A continental Celtic god, identified with Jupiter.


Also known as Skadi or Scotia, she is an ancient goddess, both in worship and in form. She appears as an old hag with teeth of a bear and tusks of a boar. She is a sorceress who created the earth. Cailleach is referred to as the "Mother of All" in parts of Scotland.

Cailleach Beara

Celtic deity said to turn to stone on Beltane and be reborn on Samhain. Represented as a hag.


The goddess of the hunt among the Britons.


A Gaulish war god mentioned by the Romans, who associated him with Mars.


A destructive witch, she was the goddess of evil magic. She had three equally destructive sons: Dub ("darkness"), Dother ("evil"), and Dian ("violence"), who ravaged Ireland. The Tuatha Dé Danann fought against Carman and defeated her.


A Celtic war god of Britain.

Cenn Cruaich

A Gaelic heaven-god, akin to Zeus


Welch Mother, moon and grain goddess. Wife of Tegid, mother of Creirwy (the most beautiful girl in the world) and Avagdu (th ugliest boy), as well as Taliesin, greatest of the Welch bards. Master of an inexhaustible cauldron named Amen in which she brewed a magical draught called greal from six plants which gave knowledge and inspiration. Originally a corn goddess. She is the protector of poets. One of her symbols is the sow. Associated with Brigit.


The horned one - God of fertility, life, animals and the underworld. Depicted with the antlers of a stag, sometimes carries a purse filled with coin. The Horned God is born at the winter solstice, marries the goddess at Beltane, and dies at the summer solstice. He alternates with the goddess of the moon in ruling over life and death, continuing the cycle of death, rebirth and reincarnation.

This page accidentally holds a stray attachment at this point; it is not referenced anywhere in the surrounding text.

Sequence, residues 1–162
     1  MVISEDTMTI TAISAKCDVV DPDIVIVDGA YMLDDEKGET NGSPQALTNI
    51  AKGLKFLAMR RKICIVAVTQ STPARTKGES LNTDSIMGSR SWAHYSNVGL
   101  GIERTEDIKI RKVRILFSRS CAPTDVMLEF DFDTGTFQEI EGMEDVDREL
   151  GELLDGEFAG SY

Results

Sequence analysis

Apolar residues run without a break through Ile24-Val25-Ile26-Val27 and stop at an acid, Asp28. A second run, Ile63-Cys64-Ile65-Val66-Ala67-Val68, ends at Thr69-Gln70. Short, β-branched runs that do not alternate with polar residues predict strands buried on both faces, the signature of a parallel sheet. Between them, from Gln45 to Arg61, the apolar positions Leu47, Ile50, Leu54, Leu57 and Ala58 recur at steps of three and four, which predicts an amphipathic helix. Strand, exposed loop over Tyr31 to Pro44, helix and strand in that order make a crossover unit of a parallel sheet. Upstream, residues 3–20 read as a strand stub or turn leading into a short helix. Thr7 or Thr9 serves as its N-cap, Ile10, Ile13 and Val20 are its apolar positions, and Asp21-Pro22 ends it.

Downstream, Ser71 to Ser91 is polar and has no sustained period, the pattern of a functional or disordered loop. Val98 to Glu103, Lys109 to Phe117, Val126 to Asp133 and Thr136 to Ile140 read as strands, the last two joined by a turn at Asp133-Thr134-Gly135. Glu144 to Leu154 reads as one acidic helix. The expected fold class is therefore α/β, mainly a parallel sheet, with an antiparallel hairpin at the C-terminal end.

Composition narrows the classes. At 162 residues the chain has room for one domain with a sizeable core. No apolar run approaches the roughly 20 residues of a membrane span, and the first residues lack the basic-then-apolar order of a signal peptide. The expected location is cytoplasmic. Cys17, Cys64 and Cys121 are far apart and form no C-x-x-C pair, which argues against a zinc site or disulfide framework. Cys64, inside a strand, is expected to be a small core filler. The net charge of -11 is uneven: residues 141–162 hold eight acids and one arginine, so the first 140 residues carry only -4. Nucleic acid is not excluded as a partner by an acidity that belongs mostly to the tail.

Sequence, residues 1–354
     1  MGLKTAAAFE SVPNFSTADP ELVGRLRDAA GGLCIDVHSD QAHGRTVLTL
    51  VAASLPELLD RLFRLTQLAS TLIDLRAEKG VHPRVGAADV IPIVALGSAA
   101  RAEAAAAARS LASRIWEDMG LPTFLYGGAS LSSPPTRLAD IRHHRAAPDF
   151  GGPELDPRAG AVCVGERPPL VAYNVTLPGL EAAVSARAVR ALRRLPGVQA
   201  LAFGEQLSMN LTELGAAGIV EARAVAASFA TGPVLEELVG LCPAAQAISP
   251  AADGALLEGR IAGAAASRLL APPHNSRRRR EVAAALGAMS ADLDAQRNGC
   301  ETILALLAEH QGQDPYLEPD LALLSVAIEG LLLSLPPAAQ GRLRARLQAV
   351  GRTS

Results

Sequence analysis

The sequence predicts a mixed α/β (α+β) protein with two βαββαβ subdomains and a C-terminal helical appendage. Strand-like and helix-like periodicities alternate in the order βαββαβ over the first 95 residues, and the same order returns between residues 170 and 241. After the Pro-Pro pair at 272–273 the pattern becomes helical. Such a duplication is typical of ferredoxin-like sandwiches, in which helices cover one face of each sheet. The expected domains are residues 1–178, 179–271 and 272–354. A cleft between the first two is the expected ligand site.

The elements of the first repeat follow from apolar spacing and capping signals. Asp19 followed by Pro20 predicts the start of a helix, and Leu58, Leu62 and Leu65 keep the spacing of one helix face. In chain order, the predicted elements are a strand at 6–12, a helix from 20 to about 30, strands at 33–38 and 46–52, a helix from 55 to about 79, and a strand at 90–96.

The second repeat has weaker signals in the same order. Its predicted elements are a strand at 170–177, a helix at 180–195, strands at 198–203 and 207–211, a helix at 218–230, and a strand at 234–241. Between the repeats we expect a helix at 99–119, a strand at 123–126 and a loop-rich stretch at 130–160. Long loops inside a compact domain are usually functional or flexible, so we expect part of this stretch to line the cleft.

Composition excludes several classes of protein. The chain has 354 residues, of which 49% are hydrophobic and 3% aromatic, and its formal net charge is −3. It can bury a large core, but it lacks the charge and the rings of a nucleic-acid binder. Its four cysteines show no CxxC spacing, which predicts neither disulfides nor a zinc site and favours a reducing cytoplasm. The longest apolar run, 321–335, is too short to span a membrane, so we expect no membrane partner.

The Irish goddess of beauty. She later became a fairy queen in the area of Carraig Cliodhna in County Cork.


The Celtic goddess of the river Clyde.


A hunting deity of Celtic North Britain. The Romans equated him with their Silvanus.


A River god of Celtic Britain, personification of water.


The Celtic (Britain) goddess of water and springs. She was known locally in the area of Carrawburgh (Roman Brocolitia) along Hadrian's Wall. She personified a holy spring that had healing powers.


A Welsh goddess, daughter of Llyr.


Creidhne was the god of metal working. One of the trio of craft-gods of the Tuatha Dé Danann, as were Goibniu and Luchta.

Curoi mac Daire

A Celtic sun-deity, believed to be a storm-bringing giant, armed with an ax.


The Celtic goddess of streams. She later entered folklore as a spectre haunting woodland streams. Her shriek was said to foretell death as the Banshee.


The Irish-Celtic god of the earth and treaties, and ruler over life and death. Dagda, or The Dagda, ("the good god") is one of the most prominent gods and the leader of the Tuatha Dé Danann. He is a master of magic, a fearsome warrior and a skilled artisan. Dagda is a son of the goddess Danu, and father of the goddess Brigid and the god Aengus mac Oc. The Morrigan is his wife, with whom he mates on New Years Day. The Dagda is portrayed as possessing both super- human strength and appetite. His attributes are a cauldron with an inexhaustible supply of food, a magical harp with which he summons the seasons, and an enormous club, with one end of which he could kill nine men, but with the other restore them to life. He also possessed two marvellous swine---one always roasting, the other always growing---and ever-laden fruit trees.


A British/Celtic feritility goddess, associated with the month of May.


A Gallic goddess, known as the "Divine Cow". She is the spouse of Borvo.


Universal mother of the gods. The earth mother. Goddess of rivers,wells, prosperity, plenty, magic and wisdom. The Irish/Celtic earth goddess, matriarch of the Tuatha Dé Danann ("People of the goddess Danu"). Danu is the mother of various Irish gods, such as the Dagda (also mentioned as her father), Dian Cecht, Ogma, Lir, Lugh, and many others. Her Welsh equivalent is the goddess Don.

Dea Matrona